Following are some possible scenarios that could happen if the Boy Scouts keeps or changes its policy.   Please tell us the degree to which you believe the actions taken in each scenario are acceptable or unacceptable. (Scale: Totally acceptable, Somewhat acceptable, Neutral, Somewhat unacceptable, Totally unacceptable)

ROTATE QUESTIONS 3-8

 

  1. Tom started in the program as a Tiger Cub, and finished every requirement for the Eagle Scout Award at 16 years of age.  At his board of review Tom reveals that he is gay. Is it acceptable or unacceptable for the review board to deny his Eagle Scout award based on that admission?

 

  1. Bob is 15 years old, and the only openly gay Scout in a Boy Scout troop.  Is it acceptable or unacceptable for the troop leader to allow Bob to tent with a heterosexual boy on an overnight camping trip?

 

  1. Johnny, a first grade boy, has joined Tiger Cubs with his friends.  Johnny’s friends and their parents unanimously nominate Johnny’s mom, who is known by them to be lesbian, to be the den leader.  Johnny’s pack is chartered to a church where the doctrine of that faith does not teach that homosexuality is wrong.   Is it acceptable or unacceptable for his mother to serve as a den leader for his Cub Scout den?

 

  1. David, a Boy Scout, believes that homosexuality is wrong.  His troop is chartered to a church where the doctrine of that faith also teaches that homosexuality is wrong.   Steve, an openly gay youth, applies to be a member in the troop and is denied membership.  Is it acceptable or unacceptable for this troop to deny Steve membership in their troop?

 

  1. A gay male troop leader, along with another adult leader, is taking a group of boys on a camping trip following the youth protection guidelines of two-deep leadership.  Is it acceptable or unacceptable for the gay adult leader to take adolescent boys on an overnight camping trip?

 

  1. A troop is chartered by an organization that does not believe homosexuality is wrong and allows gays to be ministers. The youth minister traditionally serves as the Scoutmaster for the troop.  The congregation hires a youth minister who is gay.  Is it acceptable or unacceptable for this youth minister to serve as the Scoutmaster?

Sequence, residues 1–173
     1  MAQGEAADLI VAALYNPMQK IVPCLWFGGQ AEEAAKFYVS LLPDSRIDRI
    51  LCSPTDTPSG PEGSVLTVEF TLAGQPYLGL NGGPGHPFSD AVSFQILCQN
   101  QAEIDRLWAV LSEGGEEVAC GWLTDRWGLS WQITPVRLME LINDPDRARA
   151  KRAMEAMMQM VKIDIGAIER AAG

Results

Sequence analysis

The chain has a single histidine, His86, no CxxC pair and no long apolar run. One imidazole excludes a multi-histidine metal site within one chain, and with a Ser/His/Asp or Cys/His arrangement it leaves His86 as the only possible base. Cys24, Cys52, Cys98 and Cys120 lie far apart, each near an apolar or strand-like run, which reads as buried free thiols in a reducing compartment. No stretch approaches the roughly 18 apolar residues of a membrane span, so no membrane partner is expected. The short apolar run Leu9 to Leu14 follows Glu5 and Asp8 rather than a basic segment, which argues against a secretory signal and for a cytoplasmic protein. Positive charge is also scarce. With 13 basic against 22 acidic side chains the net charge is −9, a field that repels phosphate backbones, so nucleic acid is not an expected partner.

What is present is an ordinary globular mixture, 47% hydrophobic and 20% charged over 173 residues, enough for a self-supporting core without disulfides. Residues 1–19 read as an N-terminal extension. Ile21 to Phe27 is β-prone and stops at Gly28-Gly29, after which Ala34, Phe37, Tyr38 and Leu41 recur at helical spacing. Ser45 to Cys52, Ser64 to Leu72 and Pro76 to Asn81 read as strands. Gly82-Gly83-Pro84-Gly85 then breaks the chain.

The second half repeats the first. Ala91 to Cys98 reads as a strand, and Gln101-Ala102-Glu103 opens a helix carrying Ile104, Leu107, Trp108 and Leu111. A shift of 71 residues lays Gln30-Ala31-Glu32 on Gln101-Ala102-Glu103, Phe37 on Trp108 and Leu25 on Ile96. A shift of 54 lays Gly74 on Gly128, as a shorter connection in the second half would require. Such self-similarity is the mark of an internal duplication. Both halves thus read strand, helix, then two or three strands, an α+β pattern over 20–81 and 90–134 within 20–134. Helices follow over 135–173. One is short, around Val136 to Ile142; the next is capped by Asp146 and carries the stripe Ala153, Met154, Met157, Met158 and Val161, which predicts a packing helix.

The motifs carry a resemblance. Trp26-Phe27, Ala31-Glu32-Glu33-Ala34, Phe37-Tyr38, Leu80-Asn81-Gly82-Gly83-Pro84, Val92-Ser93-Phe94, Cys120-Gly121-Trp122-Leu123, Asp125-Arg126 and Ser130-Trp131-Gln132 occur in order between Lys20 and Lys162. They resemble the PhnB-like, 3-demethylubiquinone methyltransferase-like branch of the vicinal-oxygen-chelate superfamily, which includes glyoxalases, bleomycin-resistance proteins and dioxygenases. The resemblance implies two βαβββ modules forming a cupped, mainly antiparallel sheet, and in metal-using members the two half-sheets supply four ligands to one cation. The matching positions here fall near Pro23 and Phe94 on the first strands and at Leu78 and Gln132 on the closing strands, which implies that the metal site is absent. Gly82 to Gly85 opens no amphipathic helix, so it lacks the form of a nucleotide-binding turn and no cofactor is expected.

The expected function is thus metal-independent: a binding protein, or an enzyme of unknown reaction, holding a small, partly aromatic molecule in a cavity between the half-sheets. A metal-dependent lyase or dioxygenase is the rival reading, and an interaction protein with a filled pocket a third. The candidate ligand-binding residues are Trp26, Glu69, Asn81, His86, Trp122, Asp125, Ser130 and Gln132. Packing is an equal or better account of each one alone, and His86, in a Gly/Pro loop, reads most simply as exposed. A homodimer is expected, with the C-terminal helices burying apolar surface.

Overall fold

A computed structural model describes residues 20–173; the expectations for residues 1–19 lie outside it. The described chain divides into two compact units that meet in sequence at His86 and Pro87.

1. After reading the scenarios in the previous question, please answer one question again.  The current Boy Scouts of America requirements prohibit open homosexuals from being Scouts or adult Scout leaders.  To what extent do you support or oppose this requirement? (Scale:  Strongly support, Somewhat support, Neutral, Somewhat oppose, Strongly oppose).

 

  1. Different organizations that charter Boy Scout troops have different positions on the morality of homosexuality.  Do you support or oppose allowing charter organizations to follow their own beliefs when selecting Boy Scout members and adult leaders, if that means there will be different standards from one organization to the next.    (Scale:  Strongly support, Somewhat support, Neutral, Somewhat oppose, Strongly oppose).

What is your greatest concern if the policy remains in place and openly gay youth and adults are prohibited from joining Scouting? (Open end)

 

  1. What is your greatest concern if the policy is changed to allow charter organizations to make their own decisions to admit openly gay Scouts and leaders? (Open end)

 

  1. Do you believe the current policy prohibiting open homosexuals from being scouts or adult scout leaders is a core value of Scouting found in the Scout Oath and Law? (Yes or No)

 

  1. If the Boy Scouts of America makes a decision on this policy that disagrees with your own view, will you continue to participate in the Boy Scouts, or will you leave the organization?  (I believe I can find a way to continue, I do not believe I can find a way to continue, I have not yet made up my mind)